Doppelgängers ran rampart in literature long before the Internet made identity theft a daily occurrence. For the Guardian, Laurence Scott recounts the best books featuring doppelgängers, from Shakespeare to Agatha Christie and Philip Roth to Joanna Kavenna. “There are many ways to steal a face, and not all of them rely on the supernatural,” Scott writes. “The string of murderous misadventures in Patricia Highsmith’s 1950s novel The Talented Mr. Ripley depend on Ripley’s ability to impersonate the privileged Dickie Greenleaf. Here, a lack of technology perpetuates the hoax. In a world before it was possible to verify someone’s identity online, a passing resemblance to Greenleaf’s passport photo and a knack with signatures allow Ripley to draw money from his account and take over the dead man’s life.”
New this week: The Woman Upstairs by Claire Messud, A Guide to Being Born by Ramona Ausubel, NOS4A2 by Joe Hill, and three newly translated books from by Icelandic author Sjón: The Blue Fox, The Whispering Muse, and From the Mouth of the Whale. New in paperback is The Yellow Birds by Kevin Powers.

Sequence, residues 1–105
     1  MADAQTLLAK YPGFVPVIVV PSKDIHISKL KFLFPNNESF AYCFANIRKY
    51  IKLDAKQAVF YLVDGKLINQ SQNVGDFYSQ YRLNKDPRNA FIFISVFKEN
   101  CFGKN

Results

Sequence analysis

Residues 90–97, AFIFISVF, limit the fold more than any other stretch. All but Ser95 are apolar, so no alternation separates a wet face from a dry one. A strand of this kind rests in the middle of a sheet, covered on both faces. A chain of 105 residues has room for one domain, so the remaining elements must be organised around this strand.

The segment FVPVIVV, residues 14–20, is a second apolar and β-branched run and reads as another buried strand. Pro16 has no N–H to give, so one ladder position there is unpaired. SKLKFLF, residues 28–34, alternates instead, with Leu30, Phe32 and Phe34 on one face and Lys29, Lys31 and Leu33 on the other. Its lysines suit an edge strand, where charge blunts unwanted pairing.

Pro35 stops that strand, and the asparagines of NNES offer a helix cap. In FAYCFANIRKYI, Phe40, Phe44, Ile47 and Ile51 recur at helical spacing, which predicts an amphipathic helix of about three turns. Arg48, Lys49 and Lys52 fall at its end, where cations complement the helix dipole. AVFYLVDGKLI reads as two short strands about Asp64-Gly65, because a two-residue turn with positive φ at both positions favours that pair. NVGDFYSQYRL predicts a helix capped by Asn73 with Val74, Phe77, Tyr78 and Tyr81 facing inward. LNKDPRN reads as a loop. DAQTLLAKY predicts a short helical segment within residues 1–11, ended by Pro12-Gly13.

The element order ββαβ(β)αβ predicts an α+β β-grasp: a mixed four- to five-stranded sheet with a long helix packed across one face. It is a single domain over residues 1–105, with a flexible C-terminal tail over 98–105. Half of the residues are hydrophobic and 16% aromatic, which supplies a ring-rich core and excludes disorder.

“The day after we elected Donald Trump, I told my daughter the truth: This was the wrong choice. I am devastated. I am furious. And I am sorry, because you deserve better.” Nicole Chung with some beautiful words over at Buzzfeed (q.v. also Mira Jacob (“Here’s What I’m Telling My Brown Son About Trump’s America”) and Manuel Gonzalez (“I Will Teach My Children To Survive The New America”).
The Morning News Tournament of Books is almost here, and to stoke our excitement, the editors drew up this neat-looking circular bracket. If you squint at the top left, you’ll see our own Edan Lepucki, who’s judging The Round House by Louise Erdrich and The Fault in our Stars by John Green.
In the Fall 2015 issue of n+1, Adam Ehrlich Sachs explores the idea of inherited disorders through nine short pieces. An excerpt: “He wanted the reader to think to himself: ‘I just read about the Holocaust. Why am I picturing this fern? What is the matter with me?’ Such was the literary effect he was aiming for.”
Eric Benson interviewed Bruce Jackson about “the strange and brutal world of Southern prison farms.” Jackson, who recently published a collection entitled Inside the Wire, snapped prison photographs in Texas and Arkansas from 1964 to 1979. The images depict both the mundane and the surreal, occasionally appearing as though they were “taken from a fever dream.”